State-owned Taiwan Financial Holding Co (台灣金控) will continue efforts to deepen its presence in China and other Asian markets despite a chairmanship reshuffle that saw Vice Minister of Finance William Tseng (曾銘宗) take top spot at the company, senior executives said yesterday.
Tseng took the helm of Taiwan Financial yesterday, saying he will do his best to strengthen the company’s performance regardless of how long his tenure lasts.
“I will give my best to the job whether it is a marathon or a short race,” he said.
Tseng is to retain his No. 2 position at the ministry, with Minister of Finance Chang Sheng-ford (張盛和) making it clear that he has no intention of finding a new deputy.
Tseng replaced Liu Teng-cheng (劉燈城), who had assumed the chairmanship of Hua Nan Financial Holding Co (華南金控) a few hours earlier.
The vice minister said he will run Taiwan Financial guided by the principles of stability, innovation and differentiation, meaning that he will try to shore up risk controls and diversify product lines.
To that end, Tseng said he will meet with different union and association representatives as soon as possible to better understand his duties as chairman.
The unlisted conglomerate posted a pre-tax income of more than NT$5 billion (US$166 million) in the first six months of the year, and may double that figure by the end of the year, Liu said in a brief farewell speech before leaving the company.
Taiwan Financial should strive to become more international and adhere to its plan to set up a banking subsidiary in China by next year or 2015 to tap the consumer banking market there, Liu said.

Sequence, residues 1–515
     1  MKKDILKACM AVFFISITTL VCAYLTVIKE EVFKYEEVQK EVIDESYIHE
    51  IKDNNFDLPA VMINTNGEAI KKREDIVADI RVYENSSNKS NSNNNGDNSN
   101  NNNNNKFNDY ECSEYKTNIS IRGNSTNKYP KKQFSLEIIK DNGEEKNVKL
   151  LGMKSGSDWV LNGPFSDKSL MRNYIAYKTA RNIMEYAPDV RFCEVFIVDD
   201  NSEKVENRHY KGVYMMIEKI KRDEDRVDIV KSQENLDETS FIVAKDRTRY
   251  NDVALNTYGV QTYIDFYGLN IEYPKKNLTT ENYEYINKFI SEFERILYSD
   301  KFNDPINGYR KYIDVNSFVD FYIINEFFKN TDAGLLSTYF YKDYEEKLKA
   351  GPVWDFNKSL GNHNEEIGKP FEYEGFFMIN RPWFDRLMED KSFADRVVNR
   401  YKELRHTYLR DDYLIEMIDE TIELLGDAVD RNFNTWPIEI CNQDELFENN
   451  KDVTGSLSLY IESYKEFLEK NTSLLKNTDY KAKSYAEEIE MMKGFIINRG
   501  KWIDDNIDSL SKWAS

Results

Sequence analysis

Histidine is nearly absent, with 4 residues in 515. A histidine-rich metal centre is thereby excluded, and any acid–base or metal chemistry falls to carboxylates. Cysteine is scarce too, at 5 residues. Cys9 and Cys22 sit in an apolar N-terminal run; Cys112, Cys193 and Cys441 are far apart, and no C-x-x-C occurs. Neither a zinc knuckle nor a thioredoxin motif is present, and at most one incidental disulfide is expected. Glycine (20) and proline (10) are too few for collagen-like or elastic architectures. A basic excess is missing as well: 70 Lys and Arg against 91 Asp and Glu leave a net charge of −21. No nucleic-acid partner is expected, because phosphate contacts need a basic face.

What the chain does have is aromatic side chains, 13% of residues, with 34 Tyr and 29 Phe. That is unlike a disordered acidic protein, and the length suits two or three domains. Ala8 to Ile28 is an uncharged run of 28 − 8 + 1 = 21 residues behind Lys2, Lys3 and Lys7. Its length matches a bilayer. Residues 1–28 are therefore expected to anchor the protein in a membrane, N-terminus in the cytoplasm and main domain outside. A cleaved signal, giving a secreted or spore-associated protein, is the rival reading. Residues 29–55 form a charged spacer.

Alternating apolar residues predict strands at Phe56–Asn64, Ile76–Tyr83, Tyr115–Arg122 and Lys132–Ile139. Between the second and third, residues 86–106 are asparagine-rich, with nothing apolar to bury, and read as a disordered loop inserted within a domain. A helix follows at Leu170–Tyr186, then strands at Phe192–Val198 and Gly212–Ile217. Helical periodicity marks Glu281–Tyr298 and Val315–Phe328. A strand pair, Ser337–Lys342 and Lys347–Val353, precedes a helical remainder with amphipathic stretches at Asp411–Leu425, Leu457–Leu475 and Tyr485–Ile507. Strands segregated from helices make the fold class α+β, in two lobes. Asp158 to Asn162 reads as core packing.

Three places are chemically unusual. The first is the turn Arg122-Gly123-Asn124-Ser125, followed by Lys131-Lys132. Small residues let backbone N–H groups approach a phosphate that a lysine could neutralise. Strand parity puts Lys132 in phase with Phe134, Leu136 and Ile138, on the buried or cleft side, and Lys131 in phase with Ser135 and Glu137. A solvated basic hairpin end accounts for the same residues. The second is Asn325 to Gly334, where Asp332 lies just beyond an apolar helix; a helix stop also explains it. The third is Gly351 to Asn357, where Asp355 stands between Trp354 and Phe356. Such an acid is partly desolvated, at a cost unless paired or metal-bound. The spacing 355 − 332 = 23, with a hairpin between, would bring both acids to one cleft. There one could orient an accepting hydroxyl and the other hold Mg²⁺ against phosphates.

The company’s banking arm, Bank of Taiwan (BOT, 台灣銀行), is scouting for locations for its second branch in China, after opening one in Shanghai, he added.
Under Liu’s stewardship, BOT outbid domestic rivals last year to win the rights to act as an intermediary to supply New Taiwan dollars in China.
“It was quite a feat when bank notes bearing the country’s name first arrived in China,” Liu said.
BOT also plans to establish branches in Vietnam, Cambodia and in other Asian markets, he said.
While the financial sector faces challenges this year, Taiwan Financial should fare better compared with last year, he said.
Turning to Hua Nan Financial, Liu said that the company’s main subsidiary, Hua Nan Commercial Bank (華南銀行) has put a halt to plans to invest in China’s Fujian Haixia Bank (福建海峽銀行) due to pricing differences.
The state-run lender had been in partnership talks with its Chinese peer for two years in the hope of expanding across the Taiwan Strait.